Covalent Carbon Capture Sunglasses Offer Vision of Fashion’s Future
Leather is a controversial matter, and not just because cows have to die to produce it. Or because leather tanning requires toxic chemicals like chromium, which is sometimes discharged directly into local waterways. No, the worst part about leather, according to environmental activists, is that it is a major contributor to climate change.
Animal agriculture is believed to be responsible for 14.5 percent global greenhouse gas emissions. Kering, the luxury fashion conglomerate that owns leather-loving brands such as Gucci and Yves Saint Laurent, said in its Environmental report 2020 that the production and processing of leather is by far the largest contributor to its carbon footprint. And when the Amazon was on fire in 2019, the flames were blamed at least partially on livestock breeding operations, and several major brands including H&M and Timberland have promised stop sourcing leather from the region.
The alternatives available to the fashion industry, however, fossil fuel-based polyurethane and PVC, leave much to be desired. All plant-based vegan leathers, which manufacturers claim emit less greenhouse gases during production, are also blended with synthetic petroleum products, making them more harmful than their marketing suggests. âCruelty-freeâ. With all the press around prototype products from Adidas and Stella McCartney, you’d be forgiven for thinking you could already buy a lab-grown leather wallet or Stan Smith mushroom-leather sneakers, but these materials still struggle to fit. be commercially viable.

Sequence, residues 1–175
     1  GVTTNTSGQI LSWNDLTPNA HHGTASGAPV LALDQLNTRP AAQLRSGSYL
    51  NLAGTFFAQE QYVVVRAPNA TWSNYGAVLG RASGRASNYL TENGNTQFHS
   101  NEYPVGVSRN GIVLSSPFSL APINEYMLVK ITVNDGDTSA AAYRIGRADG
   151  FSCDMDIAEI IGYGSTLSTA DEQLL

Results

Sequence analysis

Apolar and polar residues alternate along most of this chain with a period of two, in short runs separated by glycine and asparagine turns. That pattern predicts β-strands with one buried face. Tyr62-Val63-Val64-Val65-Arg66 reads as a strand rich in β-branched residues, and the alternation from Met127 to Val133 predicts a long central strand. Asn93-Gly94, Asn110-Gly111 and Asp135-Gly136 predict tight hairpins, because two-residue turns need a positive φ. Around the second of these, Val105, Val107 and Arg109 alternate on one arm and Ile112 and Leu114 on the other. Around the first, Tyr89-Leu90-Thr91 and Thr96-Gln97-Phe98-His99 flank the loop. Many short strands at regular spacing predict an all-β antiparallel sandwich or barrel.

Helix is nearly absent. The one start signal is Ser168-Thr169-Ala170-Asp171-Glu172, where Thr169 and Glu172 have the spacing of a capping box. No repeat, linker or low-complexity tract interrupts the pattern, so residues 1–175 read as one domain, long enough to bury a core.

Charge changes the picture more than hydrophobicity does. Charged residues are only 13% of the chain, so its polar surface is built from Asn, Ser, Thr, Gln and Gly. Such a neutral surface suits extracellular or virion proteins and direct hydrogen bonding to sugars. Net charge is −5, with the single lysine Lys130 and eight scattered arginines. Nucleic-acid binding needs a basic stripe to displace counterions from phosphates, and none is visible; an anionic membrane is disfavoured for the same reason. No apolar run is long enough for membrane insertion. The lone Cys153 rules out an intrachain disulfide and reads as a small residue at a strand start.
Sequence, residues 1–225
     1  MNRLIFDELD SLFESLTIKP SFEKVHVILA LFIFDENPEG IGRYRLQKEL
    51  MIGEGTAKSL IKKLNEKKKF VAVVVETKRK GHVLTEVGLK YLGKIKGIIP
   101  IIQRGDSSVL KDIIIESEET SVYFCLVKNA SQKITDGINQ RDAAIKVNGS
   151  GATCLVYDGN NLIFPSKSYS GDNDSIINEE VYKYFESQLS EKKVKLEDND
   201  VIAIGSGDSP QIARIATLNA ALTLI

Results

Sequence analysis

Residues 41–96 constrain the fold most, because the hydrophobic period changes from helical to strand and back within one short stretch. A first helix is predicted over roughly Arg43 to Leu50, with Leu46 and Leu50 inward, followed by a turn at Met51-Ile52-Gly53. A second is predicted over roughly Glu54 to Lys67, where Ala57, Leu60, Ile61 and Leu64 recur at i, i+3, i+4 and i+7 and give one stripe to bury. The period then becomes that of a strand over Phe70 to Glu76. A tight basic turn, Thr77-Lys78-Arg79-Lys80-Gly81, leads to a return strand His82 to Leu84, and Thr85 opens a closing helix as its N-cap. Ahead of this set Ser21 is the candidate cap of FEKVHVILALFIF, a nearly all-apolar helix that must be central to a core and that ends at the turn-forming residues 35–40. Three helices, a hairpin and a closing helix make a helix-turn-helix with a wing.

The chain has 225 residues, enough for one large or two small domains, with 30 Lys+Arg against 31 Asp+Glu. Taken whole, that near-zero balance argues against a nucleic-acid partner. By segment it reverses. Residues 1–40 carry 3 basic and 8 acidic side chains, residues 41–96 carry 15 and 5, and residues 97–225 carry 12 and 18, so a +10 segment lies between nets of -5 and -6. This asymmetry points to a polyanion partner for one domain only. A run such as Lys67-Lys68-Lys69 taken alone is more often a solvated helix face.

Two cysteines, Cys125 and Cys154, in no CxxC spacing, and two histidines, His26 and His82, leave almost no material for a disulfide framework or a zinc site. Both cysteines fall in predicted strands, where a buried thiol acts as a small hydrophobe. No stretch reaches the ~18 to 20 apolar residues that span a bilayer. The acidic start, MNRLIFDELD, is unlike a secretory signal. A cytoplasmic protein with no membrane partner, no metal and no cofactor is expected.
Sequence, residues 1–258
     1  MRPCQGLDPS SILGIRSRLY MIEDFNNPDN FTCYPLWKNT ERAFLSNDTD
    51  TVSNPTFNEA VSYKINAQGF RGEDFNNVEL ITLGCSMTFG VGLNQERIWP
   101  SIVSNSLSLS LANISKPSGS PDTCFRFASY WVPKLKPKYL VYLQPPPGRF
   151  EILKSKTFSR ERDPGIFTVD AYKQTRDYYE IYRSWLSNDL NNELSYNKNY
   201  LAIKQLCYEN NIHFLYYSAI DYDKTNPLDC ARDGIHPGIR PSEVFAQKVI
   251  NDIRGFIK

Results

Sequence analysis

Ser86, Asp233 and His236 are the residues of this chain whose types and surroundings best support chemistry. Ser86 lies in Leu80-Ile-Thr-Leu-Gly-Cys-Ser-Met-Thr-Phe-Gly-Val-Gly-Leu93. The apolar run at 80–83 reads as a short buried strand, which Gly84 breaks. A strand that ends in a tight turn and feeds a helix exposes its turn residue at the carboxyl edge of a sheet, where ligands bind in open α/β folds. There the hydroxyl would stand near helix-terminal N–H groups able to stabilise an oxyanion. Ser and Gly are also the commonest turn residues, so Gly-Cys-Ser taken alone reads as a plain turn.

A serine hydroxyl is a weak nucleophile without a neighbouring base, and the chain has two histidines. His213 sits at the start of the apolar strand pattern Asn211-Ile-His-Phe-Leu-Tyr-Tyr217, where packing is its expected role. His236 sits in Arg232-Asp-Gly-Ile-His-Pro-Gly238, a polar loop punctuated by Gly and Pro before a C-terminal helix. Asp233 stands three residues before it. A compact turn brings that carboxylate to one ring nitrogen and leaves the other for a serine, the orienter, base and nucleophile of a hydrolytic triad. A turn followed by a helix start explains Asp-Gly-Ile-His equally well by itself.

At the moment, there is only one truly innovative and eco-friendly vegan âleatherâ that you can click to shop directly on the internet. AirCarbon, a carbon-free material made from methane-nibbling marine organisms, hit the market a year ago in the form of sunglasses, wallets, and laptop and phone cases.
In an industry known to create a buzz on even the most mundane products (another recycled water bottle jacket, are you tempted?), The reception of the new brand, called Covalent, was surprisingly muted. This could perhaps be attributed to the CEO of the startup making AirCarbon, Mark Herrema of Newlight Technologies, who brought the cooler California vibes to our interview. When I noticed his relaxed manner, he laughed and pointed out that he had been working on the creation of this material for 18 years. And anyway, with six rounds of fundraising under his belt, the last one for $ 45 million, he’s well past the hype stage and entered the “just do it” stage.
Literally: In August, Newlight announced a partnership with Nike to explore the uses of AirCarbon. Nike, who says 70 percent of its emissions are wrapped in its materials, is one of the many major fashion brands that have engaged reduce its greenhouse gas emissions by at least 30% by 2030.
Herrema said the idea that would eventually lead to AirCarbon came to him while he was at Princeton in the early 2000s. He was studying politics, but certain digestive issues prompted him to start researching diets and food system. He discovered that a cow can burp up to 500 liters of methane, an extremely potent greenhouse gas, enters the atmosphere every day. He imagined the market value of this methane – over $ 20,000 a year from a large farm – evaporating into the air and saw a business opportunity.
It turns out that a hundred years earlier, scientists had discovered that there are organisms that eat greenhouse gases and store this energy inside their cells in the form of a molecule called polyhydroxybutyrate, or PHB. âAnd this molecule, when you isolate it, it turns out it’s fusible,â Herrema explains. This means that it can be molded into all types of materials in any color, from sheets of leather to fibers and solid shapes like sunglasses.